Leaders in every organization, small or big, play an important role to help create a culture of continuous improvement. It is about the difference a leader can make. It is about an experience, the individual as a leader, can create beyond just a basic job role.
Creating a culture of continuous improvement is also about building a strong and meaningful relationship with our people. It is also about being available to our people when our people need us and not when we need them.
Creating a culture of continuous improvement must start at the top and at every level of leadership. Stakeholder ‘buy in’ is a critical aspect of any continuous improvement initiative. We must empower our people and involve them in the improvement process if we want to create a strong and meaningful culture of continuous improvement and this will be in the interest of the organization we work for, the society we live in and in the interest of customers, stakeholders and everyone.
What are a few basic and co-related aspects that may make the difference to be an efficient and effective leader?
1. ‘How can I help’ approach:
Many a brilliant ideas and potential improvement suggestions are lost because we ignore or avoid an important discussion to explore the possibilities of an idea. This may be due to a past experience or due to a (second hand) perception about our people. Ignoring or avoiding discussions or being defensive would not help anyone.
How many times do we really listen to a problem or a challenge our people face? How many times do we listen to complaints and feedback?
Leaders must be open for voice of customers and voice of processes. Communication, not reaction, solves problem. Leaders must be open to communicate with ‘how can I help’ approach that makes the difference.
2. Develop ‘problem-solving ability’
When we listen to problems and understand the voice of customers, leaders must also think about potential root causes and potential failure modes that may cause problems. Leader can then identify potential solutions and controls.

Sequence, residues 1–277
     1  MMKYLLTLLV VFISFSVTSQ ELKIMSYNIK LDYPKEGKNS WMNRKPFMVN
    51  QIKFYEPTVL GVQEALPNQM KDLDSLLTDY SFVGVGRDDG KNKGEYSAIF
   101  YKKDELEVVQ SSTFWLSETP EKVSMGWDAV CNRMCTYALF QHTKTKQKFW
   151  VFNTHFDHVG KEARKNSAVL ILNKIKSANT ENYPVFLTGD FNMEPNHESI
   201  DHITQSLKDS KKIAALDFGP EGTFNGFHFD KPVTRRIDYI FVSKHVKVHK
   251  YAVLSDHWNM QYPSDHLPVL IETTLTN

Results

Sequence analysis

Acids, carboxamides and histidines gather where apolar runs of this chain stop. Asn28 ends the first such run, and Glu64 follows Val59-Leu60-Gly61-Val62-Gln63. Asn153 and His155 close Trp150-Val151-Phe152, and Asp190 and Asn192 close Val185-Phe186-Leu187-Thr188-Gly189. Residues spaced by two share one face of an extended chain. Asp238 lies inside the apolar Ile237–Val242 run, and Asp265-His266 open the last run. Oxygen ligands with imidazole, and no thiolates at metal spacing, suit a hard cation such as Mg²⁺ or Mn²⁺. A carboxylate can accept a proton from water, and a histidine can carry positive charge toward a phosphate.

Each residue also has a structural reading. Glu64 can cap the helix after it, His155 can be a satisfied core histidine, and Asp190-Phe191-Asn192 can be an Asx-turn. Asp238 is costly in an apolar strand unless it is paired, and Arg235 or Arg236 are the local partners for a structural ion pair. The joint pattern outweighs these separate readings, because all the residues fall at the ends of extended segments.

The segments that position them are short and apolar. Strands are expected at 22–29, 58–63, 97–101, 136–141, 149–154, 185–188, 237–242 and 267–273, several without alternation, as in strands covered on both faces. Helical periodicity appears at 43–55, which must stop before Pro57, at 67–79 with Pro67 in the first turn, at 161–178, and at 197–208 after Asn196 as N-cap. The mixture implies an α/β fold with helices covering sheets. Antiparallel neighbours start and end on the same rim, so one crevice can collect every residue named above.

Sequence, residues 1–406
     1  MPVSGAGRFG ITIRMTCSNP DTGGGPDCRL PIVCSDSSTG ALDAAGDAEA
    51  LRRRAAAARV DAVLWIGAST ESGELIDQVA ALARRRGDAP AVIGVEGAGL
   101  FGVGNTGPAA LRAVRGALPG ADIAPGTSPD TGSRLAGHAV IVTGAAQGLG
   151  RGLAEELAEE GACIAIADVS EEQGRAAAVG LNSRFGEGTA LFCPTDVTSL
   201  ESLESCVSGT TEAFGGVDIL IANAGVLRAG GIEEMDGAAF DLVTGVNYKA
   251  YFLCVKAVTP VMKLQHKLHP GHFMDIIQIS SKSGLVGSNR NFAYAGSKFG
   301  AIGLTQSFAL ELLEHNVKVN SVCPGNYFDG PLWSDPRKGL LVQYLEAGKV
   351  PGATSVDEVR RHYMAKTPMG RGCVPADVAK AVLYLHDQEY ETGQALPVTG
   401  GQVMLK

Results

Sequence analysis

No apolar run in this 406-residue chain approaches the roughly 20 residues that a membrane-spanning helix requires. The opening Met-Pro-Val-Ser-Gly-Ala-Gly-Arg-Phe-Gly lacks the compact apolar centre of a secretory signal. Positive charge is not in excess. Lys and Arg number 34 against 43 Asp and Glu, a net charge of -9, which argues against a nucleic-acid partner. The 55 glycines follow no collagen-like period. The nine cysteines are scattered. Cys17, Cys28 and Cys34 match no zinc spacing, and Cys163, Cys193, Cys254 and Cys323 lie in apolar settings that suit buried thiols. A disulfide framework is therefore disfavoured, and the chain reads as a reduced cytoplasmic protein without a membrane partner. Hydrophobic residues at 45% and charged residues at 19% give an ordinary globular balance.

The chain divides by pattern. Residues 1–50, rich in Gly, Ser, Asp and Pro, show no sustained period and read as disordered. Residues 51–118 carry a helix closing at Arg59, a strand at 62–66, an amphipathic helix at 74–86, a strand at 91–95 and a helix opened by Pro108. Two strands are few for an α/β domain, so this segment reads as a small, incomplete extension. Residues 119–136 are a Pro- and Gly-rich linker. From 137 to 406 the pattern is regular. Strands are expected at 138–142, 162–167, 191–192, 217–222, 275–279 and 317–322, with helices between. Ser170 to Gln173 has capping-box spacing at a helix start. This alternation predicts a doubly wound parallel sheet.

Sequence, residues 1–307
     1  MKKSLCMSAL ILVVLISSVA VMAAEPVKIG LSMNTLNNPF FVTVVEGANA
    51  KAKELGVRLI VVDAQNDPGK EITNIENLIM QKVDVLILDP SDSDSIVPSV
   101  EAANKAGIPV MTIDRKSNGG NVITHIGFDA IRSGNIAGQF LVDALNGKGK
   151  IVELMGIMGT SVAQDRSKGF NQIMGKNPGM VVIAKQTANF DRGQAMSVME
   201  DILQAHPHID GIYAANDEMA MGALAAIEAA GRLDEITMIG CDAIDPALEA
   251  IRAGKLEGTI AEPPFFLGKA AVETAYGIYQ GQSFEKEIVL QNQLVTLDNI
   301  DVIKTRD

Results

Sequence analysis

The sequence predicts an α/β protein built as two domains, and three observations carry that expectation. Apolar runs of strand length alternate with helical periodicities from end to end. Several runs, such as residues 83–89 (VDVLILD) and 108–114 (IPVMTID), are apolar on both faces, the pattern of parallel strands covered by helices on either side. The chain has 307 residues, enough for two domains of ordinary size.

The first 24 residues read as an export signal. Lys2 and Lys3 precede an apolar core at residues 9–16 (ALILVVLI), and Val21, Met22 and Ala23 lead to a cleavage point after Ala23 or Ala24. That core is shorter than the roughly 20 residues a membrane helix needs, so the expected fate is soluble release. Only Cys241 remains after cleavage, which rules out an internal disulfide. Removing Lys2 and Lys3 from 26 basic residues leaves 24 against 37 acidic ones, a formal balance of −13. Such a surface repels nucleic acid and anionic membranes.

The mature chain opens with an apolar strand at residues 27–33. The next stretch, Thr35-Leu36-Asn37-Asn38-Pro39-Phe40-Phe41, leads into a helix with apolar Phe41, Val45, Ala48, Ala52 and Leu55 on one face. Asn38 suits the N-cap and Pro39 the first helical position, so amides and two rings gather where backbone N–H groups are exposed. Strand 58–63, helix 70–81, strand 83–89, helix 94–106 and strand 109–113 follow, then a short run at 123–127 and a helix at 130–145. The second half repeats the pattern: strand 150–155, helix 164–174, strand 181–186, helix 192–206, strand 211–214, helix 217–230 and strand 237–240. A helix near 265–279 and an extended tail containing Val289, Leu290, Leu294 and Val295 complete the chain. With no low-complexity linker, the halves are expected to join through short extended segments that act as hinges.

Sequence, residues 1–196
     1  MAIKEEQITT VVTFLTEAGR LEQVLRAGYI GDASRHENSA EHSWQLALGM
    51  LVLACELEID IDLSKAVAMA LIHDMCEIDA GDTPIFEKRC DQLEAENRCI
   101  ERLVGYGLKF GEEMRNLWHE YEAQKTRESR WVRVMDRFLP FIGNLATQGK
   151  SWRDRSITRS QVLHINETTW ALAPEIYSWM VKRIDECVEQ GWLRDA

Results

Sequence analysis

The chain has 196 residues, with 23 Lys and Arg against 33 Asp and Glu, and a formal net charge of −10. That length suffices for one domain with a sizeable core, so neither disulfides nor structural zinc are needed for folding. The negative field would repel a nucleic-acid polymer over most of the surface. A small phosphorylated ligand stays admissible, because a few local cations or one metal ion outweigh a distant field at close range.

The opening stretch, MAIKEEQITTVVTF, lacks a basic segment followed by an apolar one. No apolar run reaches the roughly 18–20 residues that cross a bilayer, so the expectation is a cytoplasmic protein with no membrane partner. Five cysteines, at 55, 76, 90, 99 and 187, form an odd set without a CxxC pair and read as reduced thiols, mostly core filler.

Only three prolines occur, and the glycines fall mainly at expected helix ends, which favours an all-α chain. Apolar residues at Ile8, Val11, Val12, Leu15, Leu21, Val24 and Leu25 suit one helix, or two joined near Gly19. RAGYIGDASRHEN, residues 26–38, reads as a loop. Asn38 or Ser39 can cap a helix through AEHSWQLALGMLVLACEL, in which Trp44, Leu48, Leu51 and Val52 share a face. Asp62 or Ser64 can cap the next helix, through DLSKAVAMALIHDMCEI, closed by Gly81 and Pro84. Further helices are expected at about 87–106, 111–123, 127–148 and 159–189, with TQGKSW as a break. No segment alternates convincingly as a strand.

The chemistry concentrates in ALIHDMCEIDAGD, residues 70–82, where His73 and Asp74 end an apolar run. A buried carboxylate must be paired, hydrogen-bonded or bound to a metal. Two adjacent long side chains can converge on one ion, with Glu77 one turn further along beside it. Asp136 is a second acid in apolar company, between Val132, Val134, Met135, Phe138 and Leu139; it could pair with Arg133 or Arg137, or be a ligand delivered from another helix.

It is complaining, if we only talk about a problem and do not think about a solution. Leaders must create an environment where the people doing the work think about problems and what they can do about solving them. Building human resources with the required training, skills and knowledge and to help our people develop ‘problem-solving ability’ makes the difference.
3. Look at ‘what’ is wrong
When we listen to our people, leaders must drive the discussion to look at what is wrong and not who is wrong. When we talk about who is wrong, we get into a trouble getting along with our people and that’s all we have around, people.
When the focus is on what is wrong, we move forward to find a way out and take corrective and preventive actions. Leaders must build trust and work for a common cause. We must treat people as human assets to create a meaningful culture of continuous improvement.
4. Recognize capability
When our people give suggestions, leaders must not take it as teach back. Learning is an active and never ending process, No one can teach us unless we decide to learn. ‘Do not teach me’ approach or ‘I know it’ approach would not only destroy an idea but also destroy lots of potential ideas and kill the motivation.
People learn different things from different people at different places. If we create a culture of continuous improvement, we will be able to incorporate learning and the knowledge base to use them effectively — to improve the work and the workplace.
Recognizing and accepting the capabilities/competencies of our people make the difference in our creating a strong and meaningful culture of continuous improvement.
| Personal Excellence | Process Excellence | Spiritual Excellence |
Make the difference: Please share your ideas and views as a comment below. Different opinions and suggestions add value and would help all of us to revise and review what we already know and what we do not know.
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Ram Lonkar is a Senior Quality Analyst with WNS Global Services. He works in India, Australia, the UK and U.S. in IT / IT-ES industry – with a focus on Business Optimization, Process Excellence, Business Transformation, Process Re-engineering, Project and IT Service Management, and Continuous Improvement Methodologies such as Lean, Six Sigma, and Agile. He is certified as a Lean Six Sigma Black Belt; Accredited by A.S.C.B (E), and ITIL V3 2011 Foundation Certified.